Target (TGT), a general merchandiser, has a goal to upsurge its earnings from $4.06 per share currently to $8 per share by the end of 2017. To accomplish this goal, the company is adopting an expansion strategy, buying back its shares, and paying dividends.
Canada expansion - earnings upsurge
Target entered the Canadian market for the first time in March this year with a plan to open 124 stores by the end of this year. Currently, the company is on track; it opened 68 stores by the end of its second quarter, which generated $275 million in revenue. Consistent with its plan, it will add 23 new stores in Canada by the end of this month.
However, the company's bottom line is facing problems due to the capital expenditures it's incurring in Canadian expansion. Its August profits declined by around 13% to $611 million, on a year over year basis. However, these stores will contribute towards the company's earnings in the long run, and Target has projected its earnings per share to double from Canadian operations, which will reach $0.82 by this year end.
We believe that the company's plan to open 124 stores by the end of this year is a well thought out initiative. Although it's currently putting pressure on the company's bottom line, we expect it will act as a tailwind to its earnings going forward since its earnings are expected double, contributing towards its earnings goal of $8 per share by the end 2017.
In the past 10 years, Target repurchased approximately 30% of its market cap, depicting strong cash flows. Further, in 2012, Target's management authorized a $5 billion share repurchase of its stock. Since the commencement of this plan, the company repurchased approximately $3 billion worth of shares. It has repurchased 49.1 millions of its common shares at an average price of $62.99 per share. Currently, $2 billion worth of shares are left in this plan, which is expected to be completed by the end of January 2015. On average, the company repurchased approximately 29.46 million shares annually, and we expect Target to continue at the same pace. Impact of this share repurchase plan on the earnings for the next 12 months is shown below.
Subsequently, the number of shares is expected to decrease to 601.46 million by the end of 2014. Assuming the company's net income to remain constant, its earnings will grow by 5.06% to $4.98 per share. Henceforth, the share repurchase activity will contribute towards Target's goal for EPS of $8 by the end of 2017.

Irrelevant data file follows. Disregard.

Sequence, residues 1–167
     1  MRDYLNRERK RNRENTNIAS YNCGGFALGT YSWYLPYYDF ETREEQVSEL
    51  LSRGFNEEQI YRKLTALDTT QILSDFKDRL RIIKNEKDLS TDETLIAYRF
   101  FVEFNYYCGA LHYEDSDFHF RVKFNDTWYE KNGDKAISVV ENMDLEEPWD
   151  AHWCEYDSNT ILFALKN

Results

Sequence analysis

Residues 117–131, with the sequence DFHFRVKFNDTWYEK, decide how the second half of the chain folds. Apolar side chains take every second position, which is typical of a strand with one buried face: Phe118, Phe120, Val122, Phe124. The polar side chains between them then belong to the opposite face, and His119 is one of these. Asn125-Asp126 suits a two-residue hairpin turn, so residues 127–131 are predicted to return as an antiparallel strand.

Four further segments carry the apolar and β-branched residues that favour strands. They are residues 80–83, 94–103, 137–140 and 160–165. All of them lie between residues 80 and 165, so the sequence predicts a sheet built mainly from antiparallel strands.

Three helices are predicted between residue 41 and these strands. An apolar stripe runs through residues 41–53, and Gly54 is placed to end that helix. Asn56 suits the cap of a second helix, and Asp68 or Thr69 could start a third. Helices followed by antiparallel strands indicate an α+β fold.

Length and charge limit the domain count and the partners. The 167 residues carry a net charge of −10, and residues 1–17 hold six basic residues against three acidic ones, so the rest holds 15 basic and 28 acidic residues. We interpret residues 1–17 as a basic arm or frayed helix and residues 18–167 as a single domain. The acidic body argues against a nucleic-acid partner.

With its strong fundamentals, Target has distributed incremental dividends for 46 years in a row. Recently, the company declared that it will pay a quarterly dividend of $0.43 per share. The company has a trailing dividend yield of 2.40% and has a forward annual dividend yield of 2.70%, depicting incremental dividends over the coming 12 months.
Additionally, over the last 10 years, Target's EPS is growing by 9.40%, and its dividend payments are growing by 18.60% per year. Dividend payments are growing ahead of its earnings, implying that the company is increasing its dividend payout ratio at a much faster rate rather than investing its earnings in capital expenditures. Its high dividend yield and dividend payment growth rate makes us believe that income investors should include this stock in their portfolio.
Wal-Mart Stores also has a history of paying incremental dividends to its shareholders for 40 years in a row. The company generated strong free cash flows of $5.2 billion in the first half of 2013, and it increased the dividend during the same period by 18.20% to $0.47 per share. Its earnings are growing at 10.60%, as compared to its annual dividend distribution growth of 18.10% per year.
Along with its distributing incremental dividends, Wal-Mart has a trailing dividend yield of 2.50% and forward dividend yield of 2.60%. This increase implies that the company will continue to distribute incremental dividends over the coming 12 months. These facts make us believe that Wal-Mart is also a desirable stock for income investors.
On the other hand, Costco Wholesale's earnings are growing at 8.6% on an annual basis, and its dividends are growing at 13.3% per year, which is also ahead of its earnings growth. As far as its dividend yield is concerned, it has a low current dividend yield of merely 1.08%. Its dividend payout ratio is around 25%, implying that the management retains much of its earnings for capital expenditures.
Comparative Analysis: Depicting earnings growth of the company
This PEG ratio includes the 12 months forward earnings growth rate. A lower PEG ratio is always a plus for investors, as it depicts the company's higher earnings growth and an undervalued stock. With the lower PEG ratio of Target Corporation, we believe that the company will be able to accomplish its earnings goal of $8 by the end of 2017. Along with this, as we have discussed above, Target has a history of distributing higher dividends than its earnings, so earnings growth is expected to eventually convert into higher dividend payments to its shareholders.
With its strong fundamentals and attractive valuation, we recommend investors to buy TGT.
Additional disclosure: Fusion Research is a team of equity analysts. This article was written by Shweta Dubey, one of our research analysts. We did not receive compensation for this article (other than from Seeking Alpha), and we have no business relationship with any company whose stock is mentioned in this article.